Hyperbaric Oxygen TherapyA variety of medical conditions may be helped through the use of hyperbaric oxygen. The Hyperbaric Medicine Department at Froedtert & The Medical College of Wisconsin performs 500 – 1,000 hyperbaric oxygen treatments each year to aid healing for many types of conditions.
Because the department is directed by neurologists who focus on the neurological applications of hyperbaric oxygen therapy, the department is unique in the world of hyperbaric medicine.
Hyperbaric oxygen therapy uses a special chamber to allow a person to get high levels of oxygen in his or her blood. The delivery of 100 percent oxygen under pressure stimulates the growth of new blood vessels (angiogenesis). This helps the blood to carry more oxygen to the organs and tissues in the body, which helps wounds — particularly infected wounds — to heal more readily. Froedtert & The Medical College of Wisconsin have two hyperbaric chambers.
Conditions that may benefit from hyperbaric oxygen include:
- Clostridial gas gangrene, a serious wound infection resulting from a “dirty” wound
- Crush injuries
- Compartment syndrome (the compression of nerves and blood vessels leading to impaired blood flow and muscle and nerve damage)
- Soft tissue infections, such as fasciitis (inflammation of the lining tissue under the skin)
- Osteomyelitis (bone infection)
- Radiation tissue damage
- Skin grafts and flaps
- Reattached (previously severed) body parts
Hyperbaric oxygen is also used to treat thermal burns, intracranial abscesses and various diving injuries such as air or gas embolism and decompression sickness. It may also be used to treat people who have carbon monoxide poisoning and smoke inhalation; the pressurized oxygen helps to reduce the level of carbon monoxide in the body.
Stroke TrialIn mid-2007, Froedtert & The Medical College of Wisconsin will begin a clinical trial using hyperbaric oxygen in the treatment of stroke. The trial will study if hyperbaric oxygen treatment within 12 hours of suffering a stroke can improve a person’s functionality.
Radiation-Induced Cerebral NecrosisRadiation-induced cerebral necrosis (RIN), the accidental death of brain cells, is a serious complication of the treatment of brain tumors. Patients with RIN may also benefit from hyperbaric oxygen therapy. The neurological signs and symptoms of RIN are often progressive and can be difficult to distinguish from tumor recurrence. The most common symptoms involve cognitive changes, including short-term memory loss, poor concentration, personality changes and focal neurological abnormalities, such as hemiparesis (weakness on one side of the body) and aphasia (impairment of the ability to produce and/or comprehend language).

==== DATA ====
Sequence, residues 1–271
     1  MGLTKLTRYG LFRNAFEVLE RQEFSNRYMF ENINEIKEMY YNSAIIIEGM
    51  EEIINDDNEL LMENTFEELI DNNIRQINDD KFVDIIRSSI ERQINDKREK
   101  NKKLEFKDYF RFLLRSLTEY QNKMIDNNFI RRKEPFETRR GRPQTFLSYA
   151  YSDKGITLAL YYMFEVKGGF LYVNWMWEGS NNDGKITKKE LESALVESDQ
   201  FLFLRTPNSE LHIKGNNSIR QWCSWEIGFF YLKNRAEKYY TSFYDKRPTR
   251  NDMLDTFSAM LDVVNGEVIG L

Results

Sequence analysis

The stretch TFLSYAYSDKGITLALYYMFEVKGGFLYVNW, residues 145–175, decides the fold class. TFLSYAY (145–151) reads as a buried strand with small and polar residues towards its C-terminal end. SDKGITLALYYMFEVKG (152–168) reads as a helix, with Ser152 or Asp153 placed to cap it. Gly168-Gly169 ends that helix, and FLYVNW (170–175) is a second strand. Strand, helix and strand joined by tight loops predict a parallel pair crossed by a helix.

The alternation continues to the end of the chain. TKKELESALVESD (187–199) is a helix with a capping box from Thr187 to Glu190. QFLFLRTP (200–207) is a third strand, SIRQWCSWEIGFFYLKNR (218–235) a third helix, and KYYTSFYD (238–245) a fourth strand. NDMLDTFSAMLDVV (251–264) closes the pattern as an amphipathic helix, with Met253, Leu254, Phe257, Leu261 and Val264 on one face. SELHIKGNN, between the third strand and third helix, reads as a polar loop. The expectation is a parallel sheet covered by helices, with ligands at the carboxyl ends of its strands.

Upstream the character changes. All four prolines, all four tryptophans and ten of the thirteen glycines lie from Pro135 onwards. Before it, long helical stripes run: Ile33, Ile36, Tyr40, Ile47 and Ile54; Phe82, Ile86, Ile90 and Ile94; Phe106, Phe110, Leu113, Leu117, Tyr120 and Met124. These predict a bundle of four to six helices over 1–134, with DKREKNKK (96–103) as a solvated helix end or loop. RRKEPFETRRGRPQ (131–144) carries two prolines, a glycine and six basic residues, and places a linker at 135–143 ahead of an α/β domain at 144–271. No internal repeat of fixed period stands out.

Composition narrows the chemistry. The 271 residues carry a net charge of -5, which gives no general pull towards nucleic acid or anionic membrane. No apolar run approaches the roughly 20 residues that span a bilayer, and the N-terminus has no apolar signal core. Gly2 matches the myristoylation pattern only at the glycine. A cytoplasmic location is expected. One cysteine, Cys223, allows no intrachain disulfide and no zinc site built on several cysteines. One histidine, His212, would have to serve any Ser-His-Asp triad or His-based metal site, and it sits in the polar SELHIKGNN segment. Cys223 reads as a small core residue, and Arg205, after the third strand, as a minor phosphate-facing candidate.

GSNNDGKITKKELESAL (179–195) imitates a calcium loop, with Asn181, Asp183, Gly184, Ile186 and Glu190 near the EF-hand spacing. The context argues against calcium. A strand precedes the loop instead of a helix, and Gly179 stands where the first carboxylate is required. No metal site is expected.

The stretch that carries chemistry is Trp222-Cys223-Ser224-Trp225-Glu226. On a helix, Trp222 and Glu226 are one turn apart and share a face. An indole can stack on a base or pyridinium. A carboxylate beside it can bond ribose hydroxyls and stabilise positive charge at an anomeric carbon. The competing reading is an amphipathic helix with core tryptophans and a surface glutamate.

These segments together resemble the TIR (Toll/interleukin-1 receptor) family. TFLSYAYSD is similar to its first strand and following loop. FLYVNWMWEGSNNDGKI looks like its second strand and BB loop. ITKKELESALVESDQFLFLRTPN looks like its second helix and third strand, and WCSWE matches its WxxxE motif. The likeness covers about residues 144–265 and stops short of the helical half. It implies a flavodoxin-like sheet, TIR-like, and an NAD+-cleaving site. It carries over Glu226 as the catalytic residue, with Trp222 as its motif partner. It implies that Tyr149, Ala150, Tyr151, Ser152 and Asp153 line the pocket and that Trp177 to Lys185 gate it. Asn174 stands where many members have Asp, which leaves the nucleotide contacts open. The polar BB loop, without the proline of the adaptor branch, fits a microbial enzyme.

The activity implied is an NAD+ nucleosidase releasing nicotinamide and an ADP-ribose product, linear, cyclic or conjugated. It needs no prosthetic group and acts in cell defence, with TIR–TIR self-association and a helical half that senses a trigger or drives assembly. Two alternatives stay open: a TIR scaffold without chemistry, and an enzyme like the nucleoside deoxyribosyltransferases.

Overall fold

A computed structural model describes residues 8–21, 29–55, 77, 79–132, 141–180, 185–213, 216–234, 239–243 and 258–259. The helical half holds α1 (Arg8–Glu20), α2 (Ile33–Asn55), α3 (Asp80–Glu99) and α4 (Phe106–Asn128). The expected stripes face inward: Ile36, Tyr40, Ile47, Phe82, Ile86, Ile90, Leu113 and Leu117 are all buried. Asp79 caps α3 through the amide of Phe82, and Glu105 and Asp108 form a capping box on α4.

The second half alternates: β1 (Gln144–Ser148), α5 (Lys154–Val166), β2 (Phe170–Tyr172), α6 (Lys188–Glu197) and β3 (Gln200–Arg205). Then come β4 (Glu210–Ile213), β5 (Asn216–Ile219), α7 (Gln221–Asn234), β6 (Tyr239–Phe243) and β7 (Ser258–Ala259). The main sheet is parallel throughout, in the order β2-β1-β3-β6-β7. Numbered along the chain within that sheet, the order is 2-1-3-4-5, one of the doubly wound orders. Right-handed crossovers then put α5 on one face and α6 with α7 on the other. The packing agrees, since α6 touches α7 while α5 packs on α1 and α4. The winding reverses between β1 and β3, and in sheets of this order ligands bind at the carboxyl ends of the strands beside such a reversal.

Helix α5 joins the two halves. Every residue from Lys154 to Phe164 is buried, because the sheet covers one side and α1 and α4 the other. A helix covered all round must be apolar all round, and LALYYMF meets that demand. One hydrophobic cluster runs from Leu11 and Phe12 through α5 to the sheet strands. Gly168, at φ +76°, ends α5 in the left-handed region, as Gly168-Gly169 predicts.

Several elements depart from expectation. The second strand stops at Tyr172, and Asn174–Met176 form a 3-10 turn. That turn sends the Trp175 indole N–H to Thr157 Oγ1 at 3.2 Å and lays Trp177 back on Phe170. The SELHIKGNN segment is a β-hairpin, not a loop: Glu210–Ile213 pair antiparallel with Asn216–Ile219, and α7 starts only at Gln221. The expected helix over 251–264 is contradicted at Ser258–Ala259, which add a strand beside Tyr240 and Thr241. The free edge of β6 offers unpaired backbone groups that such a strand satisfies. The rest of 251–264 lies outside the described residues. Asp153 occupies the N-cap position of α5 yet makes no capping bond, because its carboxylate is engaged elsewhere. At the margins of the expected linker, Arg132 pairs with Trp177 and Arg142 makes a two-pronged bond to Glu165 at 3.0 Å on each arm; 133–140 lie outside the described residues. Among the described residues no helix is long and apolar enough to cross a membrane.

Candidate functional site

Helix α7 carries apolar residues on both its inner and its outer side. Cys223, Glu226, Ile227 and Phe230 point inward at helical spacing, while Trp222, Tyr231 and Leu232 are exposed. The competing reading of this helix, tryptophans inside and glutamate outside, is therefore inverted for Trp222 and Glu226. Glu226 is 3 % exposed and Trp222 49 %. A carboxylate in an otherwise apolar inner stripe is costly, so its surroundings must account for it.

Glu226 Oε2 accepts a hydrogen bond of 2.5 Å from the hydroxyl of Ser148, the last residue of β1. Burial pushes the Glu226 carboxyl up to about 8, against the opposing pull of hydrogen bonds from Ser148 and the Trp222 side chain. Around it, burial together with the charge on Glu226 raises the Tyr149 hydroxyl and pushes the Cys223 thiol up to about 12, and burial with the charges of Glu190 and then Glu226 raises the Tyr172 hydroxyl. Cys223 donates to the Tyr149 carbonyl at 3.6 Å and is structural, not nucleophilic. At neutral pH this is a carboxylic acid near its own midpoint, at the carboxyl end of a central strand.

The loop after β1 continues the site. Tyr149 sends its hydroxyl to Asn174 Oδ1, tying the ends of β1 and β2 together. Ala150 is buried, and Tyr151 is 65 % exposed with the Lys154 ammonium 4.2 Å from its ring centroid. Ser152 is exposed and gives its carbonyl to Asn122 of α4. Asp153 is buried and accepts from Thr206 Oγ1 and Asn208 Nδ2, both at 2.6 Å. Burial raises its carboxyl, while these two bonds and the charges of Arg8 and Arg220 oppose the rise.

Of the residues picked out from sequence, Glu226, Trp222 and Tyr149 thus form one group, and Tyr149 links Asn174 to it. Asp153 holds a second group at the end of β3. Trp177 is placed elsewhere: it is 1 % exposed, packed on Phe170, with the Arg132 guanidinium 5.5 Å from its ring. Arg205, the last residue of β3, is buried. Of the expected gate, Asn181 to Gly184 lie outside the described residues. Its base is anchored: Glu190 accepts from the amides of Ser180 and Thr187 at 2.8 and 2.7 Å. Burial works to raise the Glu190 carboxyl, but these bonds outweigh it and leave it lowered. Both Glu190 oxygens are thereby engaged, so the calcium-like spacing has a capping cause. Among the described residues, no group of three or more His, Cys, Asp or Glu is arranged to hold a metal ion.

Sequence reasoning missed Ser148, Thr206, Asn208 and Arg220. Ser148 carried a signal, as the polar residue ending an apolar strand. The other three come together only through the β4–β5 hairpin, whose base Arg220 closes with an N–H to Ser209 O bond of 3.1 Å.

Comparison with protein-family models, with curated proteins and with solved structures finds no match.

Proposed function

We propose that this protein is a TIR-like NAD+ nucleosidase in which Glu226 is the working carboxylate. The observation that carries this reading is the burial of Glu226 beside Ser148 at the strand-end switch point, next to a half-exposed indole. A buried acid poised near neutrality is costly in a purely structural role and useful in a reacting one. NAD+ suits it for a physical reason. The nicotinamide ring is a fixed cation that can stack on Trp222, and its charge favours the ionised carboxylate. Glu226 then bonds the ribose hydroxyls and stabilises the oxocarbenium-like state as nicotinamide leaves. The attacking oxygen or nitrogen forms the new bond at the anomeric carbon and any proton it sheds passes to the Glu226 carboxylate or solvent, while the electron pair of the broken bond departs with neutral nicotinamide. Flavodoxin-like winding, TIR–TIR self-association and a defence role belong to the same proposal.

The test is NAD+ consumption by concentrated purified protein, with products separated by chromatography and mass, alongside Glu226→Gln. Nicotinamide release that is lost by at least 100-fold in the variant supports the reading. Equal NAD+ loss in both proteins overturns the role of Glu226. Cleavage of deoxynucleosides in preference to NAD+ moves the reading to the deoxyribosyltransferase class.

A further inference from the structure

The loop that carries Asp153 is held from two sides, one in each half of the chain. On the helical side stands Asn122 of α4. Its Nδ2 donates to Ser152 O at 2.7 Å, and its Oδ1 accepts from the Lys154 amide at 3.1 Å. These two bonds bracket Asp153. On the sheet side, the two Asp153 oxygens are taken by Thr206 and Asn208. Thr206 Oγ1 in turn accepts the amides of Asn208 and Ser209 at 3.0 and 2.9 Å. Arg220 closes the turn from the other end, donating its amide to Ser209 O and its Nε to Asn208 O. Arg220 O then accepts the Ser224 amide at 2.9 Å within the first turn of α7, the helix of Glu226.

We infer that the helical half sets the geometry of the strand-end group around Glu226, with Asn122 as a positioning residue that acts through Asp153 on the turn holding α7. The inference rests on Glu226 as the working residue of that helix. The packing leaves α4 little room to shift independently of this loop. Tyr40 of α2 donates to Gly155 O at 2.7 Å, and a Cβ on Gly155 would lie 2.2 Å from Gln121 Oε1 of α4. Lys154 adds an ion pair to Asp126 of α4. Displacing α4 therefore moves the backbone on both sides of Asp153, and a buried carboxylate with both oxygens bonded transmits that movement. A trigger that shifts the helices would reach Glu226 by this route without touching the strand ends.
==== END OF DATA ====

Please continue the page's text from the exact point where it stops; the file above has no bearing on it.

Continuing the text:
Hyperbaric Oxygen TreatmentsA physician order and referral are required for hyperbaric chamber treatment. Each patient who is referred for treatment is evaluated to ensure he or she may benefit from hyperbaric oxygen. If the patient is considered a good candidate, he or she will be oriented to the hyperbaric chamber before treatment begins. The hyperbaric oxygen treatments are used to treat both inpatients and outpatients.
Each treatment lasts about one and three-quarter hours. The chamber, which is sealed during treatment, has clear walls, allowing patients to see all around them. A respiratory therapist is always with patients during treatment. Patients may view movies or listen to music during the treatment, and they talk to the respiratory therapist though a speaker inside the chamber.
Some patients require only a few treatments, while others may need up to 30 treatments depending on the type of condition they have. There is no pain to the affected area during the hyperbaric oxygen treatment.
As the oxygen is pumped into the chamber, patients usually feel a little pressure on their body, particularly around their ears. This is similar to the pressure some people notice in an airplane. Taking an over-the-counter decongestant in advance may help with the ear pressure.
Patients may change positions (e.g., from back to side) during treatment. Some patients may wish to have mild sedation to help them relax. This can be prescribed by one of the program physicians. Patients may also take a water bottle in the chamber.
Treatments are provided Monday through Friday. Patients may not wear any metal objects (except for eyeglasses) or electrical objects during treatment.
Author: Marla Fraunfelder
Last Review Date: April 15, 2007